The trade in Congo’s conflict minerals – tin, tantalite, tungsten and gold, which are used in cell phones, computers, televisions, and many other electronic devices – is a major source of funding for armed groups in the Eastern Democratic Republic of the Congo whose members commit atrocities against civilians. Clark is aware of the role that minerals found in consumer electronics products play in perpetuating the current humanitarian crisis in this region. The University is working on ways to monitor compliance of its partners in the technology industry to ensure they are keeping up with emerging industry standards to remedy this situation and others that arise in the future.
Clark is aware that “conflict-free” products do not currently exist, but initiatives that seek to improve control and transparency in the mining and refinement of conflict minerals are currently underway. Global organizations are working towards a standard code of conduct which should ultimately lead to a conflict-free certification process and products.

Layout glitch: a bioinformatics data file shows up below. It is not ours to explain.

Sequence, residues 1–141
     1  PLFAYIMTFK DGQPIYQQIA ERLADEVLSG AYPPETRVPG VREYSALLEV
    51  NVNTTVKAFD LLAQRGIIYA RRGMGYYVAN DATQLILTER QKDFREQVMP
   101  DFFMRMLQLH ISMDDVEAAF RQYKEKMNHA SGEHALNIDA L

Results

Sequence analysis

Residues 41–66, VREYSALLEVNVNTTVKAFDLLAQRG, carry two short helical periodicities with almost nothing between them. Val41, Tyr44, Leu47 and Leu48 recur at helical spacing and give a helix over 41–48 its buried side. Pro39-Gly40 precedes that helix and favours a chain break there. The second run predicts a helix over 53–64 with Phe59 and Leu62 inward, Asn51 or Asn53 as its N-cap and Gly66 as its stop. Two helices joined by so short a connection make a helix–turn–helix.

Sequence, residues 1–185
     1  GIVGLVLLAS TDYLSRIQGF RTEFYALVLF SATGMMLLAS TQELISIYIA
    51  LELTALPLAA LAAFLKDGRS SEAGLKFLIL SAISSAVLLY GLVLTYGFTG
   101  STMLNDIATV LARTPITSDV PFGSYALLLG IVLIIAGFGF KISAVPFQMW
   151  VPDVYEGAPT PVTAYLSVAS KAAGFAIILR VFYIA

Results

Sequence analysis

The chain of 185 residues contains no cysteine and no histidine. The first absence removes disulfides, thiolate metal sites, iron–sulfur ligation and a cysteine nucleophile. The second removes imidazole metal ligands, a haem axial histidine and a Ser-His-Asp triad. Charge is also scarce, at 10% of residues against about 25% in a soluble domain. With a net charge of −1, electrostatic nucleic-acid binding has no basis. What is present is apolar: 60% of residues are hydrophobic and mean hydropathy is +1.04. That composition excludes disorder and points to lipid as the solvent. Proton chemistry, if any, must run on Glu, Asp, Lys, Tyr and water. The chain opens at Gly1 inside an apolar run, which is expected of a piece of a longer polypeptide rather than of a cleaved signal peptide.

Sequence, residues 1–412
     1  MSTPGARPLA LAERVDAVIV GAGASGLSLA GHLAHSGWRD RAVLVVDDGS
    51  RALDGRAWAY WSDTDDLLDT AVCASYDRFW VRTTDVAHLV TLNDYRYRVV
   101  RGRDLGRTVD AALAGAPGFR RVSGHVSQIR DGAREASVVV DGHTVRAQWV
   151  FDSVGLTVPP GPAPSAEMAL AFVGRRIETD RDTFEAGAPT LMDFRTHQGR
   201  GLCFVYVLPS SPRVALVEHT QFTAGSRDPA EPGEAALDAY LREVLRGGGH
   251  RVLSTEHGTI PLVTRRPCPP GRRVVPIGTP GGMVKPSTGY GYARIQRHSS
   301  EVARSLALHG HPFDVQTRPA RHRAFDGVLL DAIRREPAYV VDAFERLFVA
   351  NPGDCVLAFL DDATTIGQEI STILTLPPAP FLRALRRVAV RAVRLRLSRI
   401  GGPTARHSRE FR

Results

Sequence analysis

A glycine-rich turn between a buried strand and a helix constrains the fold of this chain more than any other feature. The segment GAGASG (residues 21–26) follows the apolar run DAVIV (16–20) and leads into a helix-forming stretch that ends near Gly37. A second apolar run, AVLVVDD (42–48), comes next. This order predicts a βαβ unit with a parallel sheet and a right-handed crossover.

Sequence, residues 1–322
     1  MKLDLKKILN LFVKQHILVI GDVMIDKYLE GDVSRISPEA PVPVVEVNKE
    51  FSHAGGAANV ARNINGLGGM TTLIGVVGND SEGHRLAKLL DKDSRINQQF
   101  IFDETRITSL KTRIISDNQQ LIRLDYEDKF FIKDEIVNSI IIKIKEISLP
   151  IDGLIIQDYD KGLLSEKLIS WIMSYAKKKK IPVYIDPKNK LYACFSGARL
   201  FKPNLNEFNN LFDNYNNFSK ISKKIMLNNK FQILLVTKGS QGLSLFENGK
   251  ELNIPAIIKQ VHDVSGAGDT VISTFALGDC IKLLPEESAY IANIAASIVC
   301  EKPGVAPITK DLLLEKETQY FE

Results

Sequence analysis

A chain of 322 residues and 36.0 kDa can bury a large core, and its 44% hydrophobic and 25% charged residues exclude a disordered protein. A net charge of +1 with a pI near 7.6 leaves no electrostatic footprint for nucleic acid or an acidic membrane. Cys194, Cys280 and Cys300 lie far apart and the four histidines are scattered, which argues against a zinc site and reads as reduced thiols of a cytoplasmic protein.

Many of Clark’s major electronic suppliers belong to the Electronic Industry Citizenship Coalition (EICC), a global organization devoted to improving social and environmental conditions in electronics supply chains. The EICC requires its members to follow a Code of Conduct which provides guidance in five critical areas of corporate social responsibility performance – labor, health and safety, environment, management system and ethics. The EICC is also working with the Global e-Sustainability Initiative (GeSI) to develop responsible mineral sourcing protocols.
Clark’s major technology suppliers, through their participation with the EICC, have indicated their interest in addressing the issue of conflict minerals. As these initiatives move forward, Clark is committed to supporting efforts by the EICC and others to address the problem of conflict minerals in supply chains.